RBI's missing links
RBI's missing links: The objective of the book is to make RBI 'easily accessible to the lay reader'...
Monologue in wilderness
This refers to M S Sriram’s piece “RBI’s missing links” (Business Standard, Book Review, April 18). Frankly, media reviews of TCA Srinivasa Raghavan’s “DIALOGUE OF THE DEAF” are more interesting reading than the book itself! Going by his background, if a reader starts searching for TCA’s personal contribution in terms of an objective analysis of GOI-RBI relationship or insight into the functioning of RBI in the book, most likely he will be disappointed. But, it is a well-written summary of the already published History of RBI spread over thousands of pages which, I doubt anyone has read with much concentration, except for research purposes. The author’s enmity to and envy of RBI surfaces wherever TCA has tried to write something of his own. Anyway TCA’s association with RBI for 8 long years has helped him in introducing the history of interaction between RBI and GOI.
Even if one feels envious about the freedom historians and journalists have (TCA Srinivasa Raghavan is Two-in-One plus!) in timing their responses and the right they can exercise in being selective about subjects, one has to concede that the conclusions arrived at may help in sorting out the relationship issues between GOI and RBI. Going by the abundance of the author’s experience as journalist fortified with his association with editing the RBI’s History, though for the layman it would look a dry monologue in wilderness, the condensed rich content of the book could become a source of reference for future historians.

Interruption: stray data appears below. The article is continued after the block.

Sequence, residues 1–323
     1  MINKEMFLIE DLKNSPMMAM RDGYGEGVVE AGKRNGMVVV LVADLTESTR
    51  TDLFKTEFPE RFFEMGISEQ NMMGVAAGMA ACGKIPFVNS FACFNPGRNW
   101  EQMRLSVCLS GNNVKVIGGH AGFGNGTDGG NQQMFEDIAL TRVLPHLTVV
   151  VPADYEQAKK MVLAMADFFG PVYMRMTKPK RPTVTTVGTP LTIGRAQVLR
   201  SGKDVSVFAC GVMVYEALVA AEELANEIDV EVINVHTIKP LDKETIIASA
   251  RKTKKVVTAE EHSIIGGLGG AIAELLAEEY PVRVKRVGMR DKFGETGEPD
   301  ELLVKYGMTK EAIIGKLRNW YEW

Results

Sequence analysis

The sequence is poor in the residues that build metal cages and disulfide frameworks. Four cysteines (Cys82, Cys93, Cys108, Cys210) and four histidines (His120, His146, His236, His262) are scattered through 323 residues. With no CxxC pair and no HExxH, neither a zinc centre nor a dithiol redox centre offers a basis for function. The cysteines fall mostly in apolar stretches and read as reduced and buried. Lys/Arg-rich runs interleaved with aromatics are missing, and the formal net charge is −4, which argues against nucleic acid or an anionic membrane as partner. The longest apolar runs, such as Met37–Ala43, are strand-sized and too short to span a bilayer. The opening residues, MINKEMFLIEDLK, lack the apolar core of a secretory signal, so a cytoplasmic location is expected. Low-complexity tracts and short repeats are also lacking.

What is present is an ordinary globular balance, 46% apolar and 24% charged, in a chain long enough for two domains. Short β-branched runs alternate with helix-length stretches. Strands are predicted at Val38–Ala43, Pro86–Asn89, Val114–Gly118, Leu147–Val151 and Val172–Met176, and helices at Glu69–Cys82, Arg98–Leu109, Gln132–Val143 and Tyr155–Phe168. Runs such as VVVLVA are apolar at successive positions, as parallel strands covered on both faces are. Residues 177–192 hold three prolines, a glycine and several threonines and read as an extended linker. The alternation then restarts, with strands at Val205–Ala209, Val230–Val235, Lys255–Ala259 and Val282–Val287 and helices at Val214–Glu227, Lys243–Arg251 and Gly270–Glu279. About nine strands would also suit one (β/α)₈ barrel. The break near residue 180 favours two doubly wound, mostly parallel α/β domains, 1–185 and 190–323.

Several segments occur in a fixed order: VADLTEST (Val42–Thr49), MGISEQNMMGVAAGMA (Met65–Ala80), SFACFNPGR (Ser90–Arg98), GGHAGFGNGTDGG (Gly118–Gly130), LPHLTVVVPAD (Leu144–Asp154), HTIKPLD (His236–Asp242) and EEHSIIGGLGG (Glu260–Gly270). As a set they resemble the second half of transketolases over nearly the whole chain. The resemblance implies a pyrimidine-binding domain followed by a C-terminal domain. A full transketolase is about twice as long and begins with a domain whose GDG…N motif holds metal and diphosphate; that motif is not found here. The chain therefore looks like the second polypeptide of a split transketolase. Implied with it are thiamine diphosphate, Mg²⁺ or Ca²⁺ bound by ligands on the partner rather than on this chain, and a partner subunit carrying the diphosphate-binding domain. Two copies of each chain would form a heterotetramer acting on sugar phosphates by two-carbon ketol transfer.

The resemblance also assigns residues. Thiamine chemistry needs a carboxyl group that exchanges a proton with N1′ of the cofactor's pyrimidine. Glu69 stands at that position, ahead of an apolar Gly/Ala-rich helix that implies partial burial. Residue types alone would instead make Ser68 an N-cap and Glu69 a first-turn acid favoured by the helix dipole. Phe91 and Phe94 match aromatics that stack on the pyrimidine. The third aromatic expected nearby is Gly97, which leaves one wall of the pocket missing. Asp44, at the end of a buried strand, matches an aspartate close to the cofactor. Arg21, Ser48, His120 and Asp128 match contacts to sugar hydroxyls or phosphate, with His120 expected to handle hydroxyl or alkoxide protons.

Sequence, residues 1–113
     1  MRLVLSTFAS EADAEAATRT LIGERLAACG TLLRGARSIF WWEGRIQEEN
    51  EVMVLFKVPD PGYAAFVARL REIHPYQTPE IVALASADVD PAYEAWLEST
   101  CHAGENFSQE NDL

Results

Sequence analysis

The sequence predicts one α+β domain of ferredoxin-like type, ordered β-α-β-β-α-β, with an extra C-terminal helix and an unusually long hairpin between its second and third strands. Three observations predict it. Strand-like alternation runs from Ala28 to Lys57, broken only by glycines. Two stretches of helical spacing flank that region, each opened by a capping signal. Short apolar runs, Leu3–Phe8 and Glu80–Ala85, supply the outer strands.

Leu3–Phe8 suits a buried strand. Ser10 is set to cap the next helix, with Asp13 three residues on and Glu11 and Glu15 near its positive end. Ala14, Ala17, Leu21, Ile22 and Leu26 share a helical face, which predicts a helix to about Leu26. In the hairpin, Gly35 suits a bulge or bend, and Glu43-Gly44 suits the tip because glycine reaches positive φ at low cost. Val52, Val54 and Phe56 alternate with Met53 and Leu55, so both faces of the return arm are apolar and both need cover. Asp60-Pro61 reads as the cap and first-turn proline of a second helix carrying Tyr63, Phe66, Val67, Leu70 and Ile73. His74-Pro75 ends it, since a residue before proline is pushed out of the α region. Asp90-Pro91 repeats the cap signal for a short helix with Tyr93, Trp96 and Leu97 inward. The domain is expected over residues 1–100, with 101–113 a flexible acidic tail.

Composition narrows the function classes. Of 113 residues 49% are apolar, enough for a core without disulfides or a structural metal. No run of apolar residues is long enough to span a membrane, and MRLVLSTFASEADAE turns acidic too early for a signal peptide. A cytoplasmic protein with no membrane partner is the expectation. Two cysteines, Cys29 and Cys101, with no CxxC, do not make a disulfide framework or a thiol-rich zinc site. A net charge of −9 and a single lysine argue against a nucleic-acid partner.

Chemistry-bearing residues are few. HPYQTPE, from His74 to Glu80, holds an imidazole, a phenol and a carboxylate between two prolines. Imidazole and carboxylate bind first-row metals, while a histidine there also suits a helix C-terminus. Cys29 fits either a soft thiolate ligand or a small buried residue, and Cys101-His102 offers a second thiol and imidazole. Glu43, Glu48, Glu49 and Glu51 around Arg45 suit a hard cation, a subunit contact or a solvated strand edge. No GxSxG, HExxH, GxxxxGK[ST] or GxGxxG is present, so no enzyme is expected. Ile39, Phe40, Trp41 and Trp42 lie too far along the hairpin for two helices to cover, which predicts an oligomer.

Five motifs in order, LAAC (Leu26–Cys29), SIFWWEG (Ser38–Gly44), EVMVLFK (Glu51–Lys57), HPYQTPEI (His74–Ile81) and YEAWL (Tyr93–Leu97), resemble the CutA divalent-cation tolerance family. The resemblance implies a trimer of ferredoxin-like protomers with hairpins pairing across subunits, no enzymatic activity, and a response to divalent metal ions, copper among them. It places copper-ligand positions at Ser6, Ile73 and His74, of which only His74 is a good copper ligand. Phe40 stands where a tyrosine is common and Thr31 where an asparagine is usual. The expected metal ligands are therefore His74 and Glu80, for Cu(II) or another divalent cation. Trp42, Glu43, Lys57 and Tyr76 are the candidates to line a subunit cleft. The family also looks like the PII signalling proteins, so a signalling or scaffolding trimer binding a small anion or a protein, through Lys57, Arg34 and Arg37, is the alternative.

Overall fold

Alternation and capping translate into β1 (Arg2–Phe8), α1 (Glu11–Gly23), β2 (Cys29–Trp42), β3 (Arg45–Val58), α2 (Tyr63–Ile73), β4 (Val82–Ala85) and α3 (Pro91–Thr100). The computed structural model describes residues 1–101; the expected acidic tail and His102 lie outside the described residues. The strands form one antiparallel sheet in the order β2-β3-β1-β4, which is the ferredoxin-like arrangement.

It is always easier to be wiser after the event. While being judgmental about Dr Subbarao’s performance during the first half of his total 5 year term, one has to ponder over the circumstances in which he got selected for the top job at Mint Road by the then FM Chidambaram. Going by Subbarao’s own revelations in his memoirs and other circumstantial evidences, FM opted for an amenable RBI Governor. Most of the Governors and Deputy Governors who come to RBI from outside, some too soon and some after some time, undergo a metamorphosis and start talking RBI language is a blessing that keeps India’s central bank going despite all efforts, internal and external, to destabilize it.
Unless policy makers take time to read and understand the spirit of monologues like this, such documents will remain in the wilderness, again used only for reference purposes by scholars and historians.
M G Warrier, Mumbai